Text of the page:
Of Bread and Games, the War and Mali

This operation, efficiently carried out, one confronting a multitude of dangers, is all the war in Iraq was not. This lightning war, conducted and won with the support of Malian troops, without one sensing even the possibility of the threat of a quagmire, is the opposite of the war in Afghanistan.
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In Mali, the French army is winning an exemplary war.

It is saving a friendly country that was about to fall underthe law of those who are expert in stoning andthe amputation of hands.

In so doing, it is smashing the connection they had begunto establish with their brothers-in-assassination in Nigeriaand the rest of the region.

It is successfully carrying out this exploit not with drones,but with men.

It has sought contact, if not hand to hand combat, in the caves of the north of the country, involving its soldiersin difficult, high-risk operations which have already cost thelives of five of them.

It is fighting far from its own bases, in unknown territory, in extreme climatic conditions, against an enemy trained to betough, determined, fanatical, that moves elusively through thedesert sand like a fish in water.

This operation, efficiently carried out, one confrontinga multitude of dangers, is all the war in Iraq was not. This lightning war, conducted and won with the support of Malian troops, without one sensing even the possibility of the threat of a quagmire, is the opposite of the war in Afghanistan.
Better still, it is, come to think of it, the first defeat of militaryIslamism -- it had already been politically defeated inLibya, for the French intervention that revealed a fraternalface of the West had the effect of pulverizing the coreof Al Qaeda's argument, the result of which, a year later, was the very natural defeat of the forces that called for Jihad at the ballot box. Well, here is a military defeat, one that demonstrates for the first time that Jihadism is no more capable of carrying out a war than it is of governing a state. This too is essential, and once again, this is a key date.

Yet the extraordinary thing is that public opinion doesn'tgive a damn. The French are more passionately interestedin the election of Miss France than they are in the heroicdeeds of this new army of Africa.

A nice Eurovision contest, if not just a Star Academy (a TV realityshow), is more interesting than the destruction of, to use François Hollande's term, a potential Sahelistan.

Worse still, the transfer of a British football player or a French World Cup victory elicits more fervor, more enthusiasm, more patriotic and national pride, than the soldiers of theRepublic rendering the gangster bands of Abdelhamid Abou Zeid and Abdelkader Mokhtar Belmokhtar powerless to do anyfurther harm. Or rather, yes, there were in fact signs of interest here and there, some stirrings of curiosity or emotion, a few brief,feverish reactions. But these were the echo of ridiculous objections--what's this war without any images? Why haven't morejournalists been brought in to cover the operation, embedded, the waythey do in America? Why doesn't your army have anything to say? Why are they hiding it all from us, and haven't we theright to the spectacle, in the age of the all-powerful visible, isn't that taken for granted, a right of man? Or else, in counterpoint,pathetic suspicions--is it really fitting for an ex-colonialpower to come to the aid of a formerly colonized nation?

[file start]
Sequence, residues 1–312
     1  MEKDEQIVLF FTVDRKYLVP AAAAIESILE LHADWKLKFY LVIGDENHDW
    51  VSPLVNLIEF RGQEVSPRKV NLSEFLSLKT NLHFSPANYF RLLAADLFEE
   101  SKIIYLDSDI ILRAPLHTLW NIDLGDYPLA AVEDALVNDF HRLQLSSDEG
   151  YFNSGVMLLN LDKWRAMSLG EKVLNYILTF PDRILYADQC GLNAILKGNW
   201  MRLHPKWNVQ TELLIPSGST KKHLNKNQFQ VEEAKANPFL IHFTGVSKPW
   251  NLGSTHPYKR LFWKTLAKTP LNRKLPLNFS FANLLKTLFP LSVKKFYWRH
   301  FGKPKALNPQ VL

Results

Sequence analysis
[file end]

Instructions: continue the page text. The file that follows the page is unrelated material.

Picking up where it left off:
What, about this story, is hidden in the shadows, what occultinterests are they serving under the cover of great selflessness?Niger's uranium... oil, who knows where... control of subterraneansources of water... interests in Africa... money.... It was disgusting.

And as for Europe, it was, if possible, even more appalling,because it experienced this war from the balcony, sullen, smuglysermonizing, using its support as a bargaining chip or flat-outrefusing it, a vague training mission here, two transport planes there, lent to the Ecowas. You shouldn'ta done it withoutus, it's too easy to ask for help afterwards, when one neverasked for permission in the first place. You were showing off?Going it alone? Singing and dancing, your war brand new and joyous? Well, time to pay up now! What a shame, what a disaster.

And, for the true Europeans, those who, since Bosnia, are furiousto see Europe without strategy nor courage, what a vow of impotence, what proof of non-existence.

One perceives, in this situation, the sign of a persistentignorance, extending to even the most enlightened, of the serious geopolitical stakes that decide our future and that,even when we forget them, never, unfortunately, forget us.

(Geopolitics, said Clausewitz, is destiny, and our destinytoday is playing out against a backdrop of Islamism, which is progressing, terrorism, which is coming closer, and the fight to the death,everywhere, between enlightened Islam and its obscure side.)

Either that or the rapidly shrinking reduction of politics to roleplaying, no longer bothering with any precautions, completelylacking in grandeur; of History to a show deemed boring withoutinjecting a few conspiracy theories here and there; and of the tragedyof our condition to this futile dramatization of which Kojève remarked that it is the pathetic caricature (and the subsequent advent, as in all post-historic eras, of a human animal devotedto bread and games, and to slavery).

In both cases, it is disturbing -- and very sad.

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